Now the police have a suspect in custody, the family fears that they won’t put much effort in looking for the real killer. There’s no obvious motive as to why the mother would kill the midwife other than a dispute about herbal cures and remedies. Lady Holmes was locally known as a herb-wise woman who could provide teas and mixtures for various ailments or even to prevent pregnancies (a grave sin and crime in the eyes of moralists and religious zealots, almost as evil as providing abortions).
Her brother, uncle Ernest will act as his mother’s solicitor. She asks Sherlock to help her prove her innocence as she thinks that Mycroft her older son doesn’t have the character to go out of his way to collect all the necessary evidence or carry out a proper investigation. Nevertheless, he still is an asset by processing the information. Sherlock is about 13 at this moment so the situation is a bit unlikely but hell, this is fiction about fictious characters.
Ernest proves in a spectacular way that Mrs Brown was not stabbed to death with a pitchfork as was the accusation. The reluctant constable has to release Mrs Holmes but is fuming about being humiliated in court and vouches to have her back in gaol. The family name is still blemished and the smudge will remain in place until the real killer is apprehended. Every member of the family is helping to solve the case.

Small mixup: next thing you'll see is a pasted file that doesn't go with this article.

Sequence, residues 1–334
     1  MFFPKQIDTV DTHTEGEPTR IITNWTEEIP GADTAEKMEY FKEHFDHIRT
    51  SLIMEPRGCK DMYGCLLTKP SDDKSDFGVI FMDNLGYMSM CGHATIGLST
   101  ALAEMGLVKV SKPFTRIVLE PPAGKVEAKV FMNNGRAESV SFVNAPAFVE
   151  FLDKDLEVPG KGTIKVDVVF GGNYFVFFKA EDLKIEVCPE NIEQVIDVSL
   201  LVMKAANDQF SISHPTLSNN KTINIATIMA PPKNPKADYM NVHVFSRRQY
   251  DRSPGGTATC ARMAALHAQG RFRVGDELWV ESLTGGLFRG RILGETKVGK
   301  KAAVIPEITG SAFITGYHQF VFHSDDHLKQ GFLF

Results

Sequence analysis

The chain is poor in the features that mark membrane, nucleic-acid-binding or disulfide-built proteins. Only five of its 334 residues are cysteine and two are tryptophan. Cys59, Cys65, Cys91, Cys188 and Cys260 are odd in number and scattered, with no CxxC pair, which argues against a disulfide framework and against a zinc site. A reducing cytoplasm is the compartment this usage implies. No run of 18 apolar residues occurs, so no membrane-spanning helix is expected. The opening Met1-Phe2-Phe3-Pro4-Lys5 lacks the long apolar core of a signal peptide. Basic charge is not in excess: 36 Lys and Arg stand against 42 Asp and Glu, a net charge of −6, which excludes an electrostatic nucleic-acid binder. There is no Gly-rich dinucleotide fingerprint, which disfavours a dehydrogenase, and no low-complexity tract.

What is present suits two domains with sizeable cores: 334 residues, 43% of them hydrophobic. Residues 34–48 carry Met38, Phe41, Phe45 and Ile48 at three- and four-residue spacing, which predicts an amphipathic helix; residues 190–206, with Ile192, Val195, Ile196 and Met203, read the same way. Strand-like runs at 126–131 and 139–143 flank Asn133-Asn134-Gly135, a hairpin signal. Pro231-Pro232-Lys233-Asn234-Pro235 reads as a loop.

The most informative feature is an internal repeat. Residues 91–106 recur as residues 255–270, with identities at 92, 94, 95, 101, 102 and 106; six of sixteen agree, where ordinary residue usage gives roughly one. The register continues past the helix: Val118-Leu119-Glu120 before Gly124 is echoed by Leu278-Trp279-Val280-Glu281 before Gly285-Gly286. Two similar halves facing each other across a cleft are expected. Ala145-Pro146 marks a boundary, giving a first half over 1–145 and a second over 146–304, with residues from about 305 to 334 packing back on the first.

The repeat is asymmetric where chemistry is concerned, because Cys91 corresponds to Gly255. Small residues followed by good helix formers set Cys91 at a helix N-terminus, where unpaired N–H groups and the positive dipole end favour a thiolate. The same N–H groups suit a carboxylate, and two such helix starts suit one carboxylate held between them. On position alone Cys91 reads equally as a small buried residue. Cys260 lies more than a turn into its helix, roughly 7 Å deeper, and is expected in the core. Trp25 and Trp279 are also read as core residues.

This is a very enjoyable light-hearted read about a familiar character in a slightly different role But it is very suspenseful with several deaths that can be natural but just as easily be murder. They must first establish who was killed, then how and why. The tension is kept up throughout the book. Every time you think aha, there’s another complication. The story is also quite funny at times when you encounter things that do reappear in the original stories.
At certain moments it is very clear that Sherlock is still a teenager i.e. when he gets hot and bothered from the illustrations of human reproductive organs in a medical study book. It makes him more human and cuter than in the original adult stories. I absolutely love the interaction between him and Constance. His first crush on a girl is simply delightful
Also beautiful is the obvious love for his mother, still more that of a younger boy than of an adult. He also becomes aware of the different levels and interactions in an adult relationship by observing his parents.
Uncle Ernest is another favourite of mine, he’s a bit of a mad scientist/inventor and a most adorable character.